Supercluster: A simple method like that would break down. However, over the last five years or so, several groups have been working on a much more sophisticated method, called Markov State Models (MSMs). Here, one combines many (relatively short) simulation trajectories with Bayesian statistics to build a kinetic model of the process of interest. One does not have to make approximations regarding single exponential kinetics of the overall system, assume reaction coordinates for the system, a priori identify initial and final states, etc. Recent advances in adaptive methods where one builds an MSM by gathering some simulation information, then adaptively decides where to run new simulations in order to optimize some property (such as minimizing the uncertainty in some variable of interest) have shown that this approach can be more efficient than a few long runs, even if there were no cost for traditional parallelization. This is because MSMs are much more efficient at skipping over traps and other places where simulations simply “wait” for some rare stochastic event.

 

Supercomputer: OK, but what about large systems that would take a lot of computing power to generate even short trajectories? Even if you use cool methods to combine short trajectories, you are bound to be stuck if the trajectories are too short. And this can be a problem for large systems, where generating even short trajectories can be a challenge on a single CPU core or even a multi-core CPU.

 

Supercluster: True, for very, very large systems (which, for example, could not even be run on single processors due to memory or other constraints), scaling works reasonably well on multi-core boxes present in superclusters or on multiple cores in supercomputers, so I suggest a combination of methods: scale as far as one can go well (i.e., linearly, where doubling the number of processors doubles the speed), and then use additional methods on top of that. The MSM approach, for example, just seeks to use trajectories as efficiently as possible, but there are other possible synergies as well. The generation of those trajectories still becomes an interesting challenge for the future.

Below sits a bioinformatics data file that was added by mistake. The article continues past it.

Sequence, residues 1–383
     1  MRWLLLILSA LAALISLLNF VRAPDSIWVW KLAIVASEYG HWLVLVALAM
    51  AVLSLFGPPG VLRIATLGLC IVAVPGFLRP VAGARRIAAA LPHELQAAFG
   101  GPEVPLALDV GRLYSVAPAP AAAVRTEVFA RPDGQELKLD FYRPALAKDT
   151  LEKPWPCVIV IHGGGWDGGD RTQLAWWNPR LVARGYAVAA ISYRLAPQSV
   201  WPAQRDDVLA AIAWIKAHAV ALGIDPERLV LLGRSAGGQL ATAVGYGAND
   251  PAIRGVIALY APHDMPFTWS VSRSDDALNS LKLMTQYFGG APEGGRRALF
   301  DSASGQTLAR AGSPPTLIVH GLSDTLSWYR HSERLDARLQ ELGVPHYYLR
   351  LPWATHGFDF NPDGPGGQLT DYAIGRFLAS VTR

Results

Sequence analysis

Supercomputer: Isn’t there another alternative? I think you’re forgetting about GPUs. While traditional processors (i.e., CPUs) have not been getting faster (just with more CPU cores packed on a single chip), GPUs have been getting more and more powerful, in part due to their unique architecture with lots of floating point units for scientific calculations. Indeed, GPUs remind me of supercomputers of the past, like the old Cray vector supercomputers, which could do certain types of heavy floating point calculations quickly, with some coding effort to take advantage of this unique hardware. Indeed, this opens the door to smaller personal supercomputers like a GPU-accelerated under-your-desk minicluster. That can pack a lot of cycles into a small space and you don’t have to share it with anyone. It’s cheap and you can easily replace it with the next generation.

 

Supercluster: I hate to agree with you, but it’s true: Both the supercomputer and megacluster have problems associated with unleveraged acquisition of capital equipment, real estate, cooling, and power. Maintenance, obsolescence, and other “big science” issues could be avoided by equipping each scientist with a smaller, personalized resource. Scientists can afford even small GPU clusters which can be quite powerful. Of course, the next question will be how one wants to use all of those GPUs in parallel!